BOSTON -- When you're up, you're up. And when you're down, well, broken bats fly your way on a two-out ground ball and lead to four runs for the team that's chasing you down for a postseason berth.

At least that was the case for the Red Sox on their way to a 9-2 loss to the Rays on Thursday night.

With the Rays in town for a pivotal four-game series, Boston starter Kyle Weiland picked up the first two outs in the third inning with both teams still scoreless and runners at first and second. Weiland then got a routine ground ball off the bat off the bat of B.J. Upton that rolled toward Marco Scutaro at short. But Upton's broken bat skipped along the Fenway Park infield and hopped right between the legs of Scutaro, causing the shortstop to jump out of the way and the ball to roll into left field for an RBI single.

"It's a piece of wood that's very sharp and coming kind of fast, so it's scary," Scutaro explained afterward. "I was going to get hit if I would have stayed there. There was no doubt about that. If I would have waited back for the ball, I don't think I would have gotten him out. It was kind of a weird play. I've never seen that before."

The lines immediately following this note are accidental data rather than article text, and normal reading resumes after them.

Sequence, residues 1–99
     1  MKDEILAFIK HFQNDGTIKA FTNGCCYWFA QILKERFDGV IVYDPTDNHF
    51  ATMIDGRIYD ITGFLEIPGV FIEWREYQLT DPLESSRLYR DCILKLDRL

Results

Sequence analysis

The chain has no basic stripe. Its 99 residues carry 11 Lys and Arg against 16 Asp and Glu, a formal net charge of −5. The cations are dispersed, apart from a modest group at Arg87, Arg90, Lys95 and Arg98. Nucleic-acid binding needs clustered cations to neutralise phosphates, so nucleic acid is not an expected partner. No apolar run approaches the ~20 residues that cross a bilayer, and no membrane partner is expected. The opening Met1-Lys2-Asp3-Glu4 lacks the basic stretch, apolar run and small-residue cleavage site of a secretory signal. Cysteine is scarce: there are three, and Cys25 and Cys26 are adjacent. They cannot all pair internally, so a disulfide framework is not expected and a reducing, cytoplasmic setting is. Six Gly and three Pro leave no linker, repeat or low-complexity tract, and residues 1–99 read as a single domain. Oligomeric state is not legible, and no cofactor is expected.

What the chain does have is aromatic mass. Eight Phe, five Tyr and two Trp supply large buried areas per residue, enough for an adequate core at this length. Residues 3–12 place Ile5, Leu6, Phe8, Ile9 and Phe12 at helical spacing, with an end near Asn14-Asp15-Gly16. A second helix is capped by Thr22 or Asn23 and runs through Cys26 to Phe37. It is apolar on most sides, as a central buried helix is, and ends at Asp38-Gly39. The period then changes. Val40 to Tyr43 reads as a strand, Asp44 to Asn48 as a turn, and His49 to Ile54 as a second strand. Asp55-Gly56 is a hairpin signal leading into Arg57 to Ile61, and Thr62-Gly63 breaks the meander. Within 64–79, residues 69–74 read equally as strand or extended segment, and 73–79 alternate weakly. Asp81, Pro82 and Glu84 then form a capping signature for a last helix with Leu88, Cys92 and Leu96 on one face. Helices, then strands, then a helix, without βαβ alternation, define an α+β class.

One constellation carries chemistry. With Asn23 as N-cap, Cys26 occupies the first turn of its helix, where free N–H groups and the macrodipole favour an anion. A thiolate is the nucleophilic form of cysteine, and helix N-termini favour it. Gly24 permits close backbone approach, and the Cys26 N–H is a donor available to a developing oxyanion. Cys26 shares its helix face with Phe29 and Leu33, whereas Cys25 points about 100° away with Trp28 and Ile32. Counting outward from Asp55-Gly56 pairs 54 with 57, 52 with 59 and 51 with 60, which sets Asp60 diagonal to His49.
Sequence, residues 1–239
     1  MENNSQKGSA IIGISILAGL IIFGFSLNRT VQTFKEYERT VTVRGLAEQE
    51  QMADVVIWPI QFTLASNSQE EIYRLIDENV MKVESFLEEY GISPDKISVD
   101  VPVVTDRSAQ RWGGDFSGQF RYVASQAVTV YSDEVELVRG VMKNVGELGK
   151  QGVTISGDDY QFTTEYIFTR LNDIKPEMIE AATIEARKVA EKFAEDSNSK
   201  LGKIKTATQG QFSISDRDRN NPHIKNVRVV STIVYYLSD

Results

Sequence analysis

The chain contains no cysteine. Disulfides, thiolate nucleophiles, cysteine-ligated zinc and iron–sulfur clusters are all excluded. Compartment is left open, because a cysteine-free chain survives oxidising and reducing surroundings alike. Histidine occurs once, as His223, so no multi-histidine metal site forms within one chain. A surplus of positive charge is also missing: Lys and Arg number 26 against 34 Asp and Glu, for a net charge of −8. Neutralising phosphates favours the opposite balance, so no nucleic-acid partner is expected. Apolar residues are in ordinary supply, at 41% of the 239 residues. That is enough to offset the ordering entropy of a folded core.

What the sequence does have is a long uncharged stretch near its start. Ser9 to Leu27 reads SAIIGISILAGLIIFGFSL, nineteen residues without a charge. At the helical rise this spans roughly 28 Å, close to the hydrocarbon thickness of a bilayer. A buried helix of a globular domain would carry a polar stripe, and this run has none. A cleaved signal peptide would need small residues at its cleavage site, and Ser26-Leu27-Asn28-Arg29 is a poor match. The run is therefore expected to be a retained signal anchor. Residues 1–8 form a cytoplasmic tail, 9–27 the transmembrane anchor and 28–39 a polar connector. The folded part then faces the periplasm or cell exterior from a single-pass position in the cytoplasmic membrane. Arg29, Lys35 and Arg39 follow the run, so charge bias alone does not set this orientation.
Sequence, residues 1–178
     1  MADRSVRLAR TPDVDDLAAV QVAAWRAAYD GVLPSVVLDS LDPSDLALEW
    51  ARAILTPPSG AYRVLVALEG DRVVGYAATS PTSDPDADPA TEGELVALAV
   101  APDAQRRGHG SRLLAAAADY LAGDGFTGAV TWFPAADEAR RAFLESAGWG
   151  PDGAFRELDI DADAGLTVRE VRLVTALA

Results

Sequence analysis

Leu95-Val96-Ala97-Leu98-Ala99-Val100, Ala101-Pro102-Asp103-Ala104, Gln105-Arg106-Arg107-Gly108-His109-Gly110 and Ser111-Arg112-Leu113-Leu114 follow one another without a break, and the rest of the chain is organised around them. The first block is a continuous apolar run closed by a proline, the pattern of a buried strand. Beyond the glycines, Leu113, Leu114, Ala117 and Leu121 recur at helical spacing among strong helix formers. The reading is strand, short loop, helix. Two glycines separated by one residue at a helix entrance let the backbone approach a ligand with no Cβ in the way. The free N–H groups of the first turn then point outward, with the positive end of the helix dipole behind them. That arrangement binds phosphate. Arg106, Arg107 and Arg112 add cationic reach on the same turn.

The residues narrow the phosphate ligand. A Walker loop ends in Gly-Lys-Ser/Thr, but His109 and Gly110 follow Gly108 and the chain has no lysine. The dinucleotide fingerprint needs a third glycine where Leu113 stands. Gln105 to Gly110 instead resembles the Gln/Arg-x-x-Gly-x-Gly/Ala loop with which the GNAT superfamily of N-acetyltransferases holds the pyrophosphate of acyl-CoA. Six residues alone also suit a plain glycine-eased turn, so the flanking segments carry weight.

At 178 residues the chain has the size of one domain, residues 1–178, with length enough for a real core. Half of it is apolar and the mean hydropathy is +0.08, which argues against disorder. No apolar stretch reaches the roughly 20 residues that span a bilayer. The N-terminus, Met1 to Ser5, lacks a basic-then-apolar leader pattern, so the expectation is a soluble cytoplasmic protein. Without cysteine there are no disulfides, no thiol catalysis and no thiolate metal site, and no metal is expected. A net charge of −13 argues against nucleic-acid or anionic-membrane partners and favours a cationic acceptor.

One run might have not been so bad for the 25-year-old Weiland. But after getting ahead 1-2 to Evan Longoria in the next at-bat, Weiland left a fastball over the middle and Longoria made him and the Red Sox pay, belting a three-run homer to right field as the Rays took an early 4-0 lead.

"Yeah, it's just a little bit of bad luck and one mistake," Weiland said. "That's pretty much all it was. You can't do much about the broken bat. That's just what it is. It happens. Not very often that they're that close together. Can't blame [anyone]. It was just one mistake -- 1-2 pitch that got too much of the plate. I wish I had that one back, but that's what it is."

A little bit of luck might be what the Rays needed, as they moved to within three games of the Red Sox for the American League Wild Card spot heading into Friday.

"You're always looking for signs," said Rays manager Joe Maddon. "Looking for signs, man, from that baseball heaven, the baseball gods, they've got to throw you a sign once in a while. They've got to give you something to further believe."

"That is definitely a first for me," added Upton, "but I'll take it. Enough things haven't gone our way this year, so I think we're going to take that."

Red Sox catcher Jarrod Saltalamacchia didn't blame Scutaro for jumping out of the way of the bat on the play.

"I don't know how I would react if I was there," said Saltalamacchia. "All I know is the ball and the bat were in the same spot, so it's a tough play for him to make."

How can Scutaro deal with a similar situation in the future?

"I thought maybe tomorrow I'm going to tell [third-base coach Tim Bogar] to hit me ground balls and also some bats," said Scutaro. "I'm going to work on that."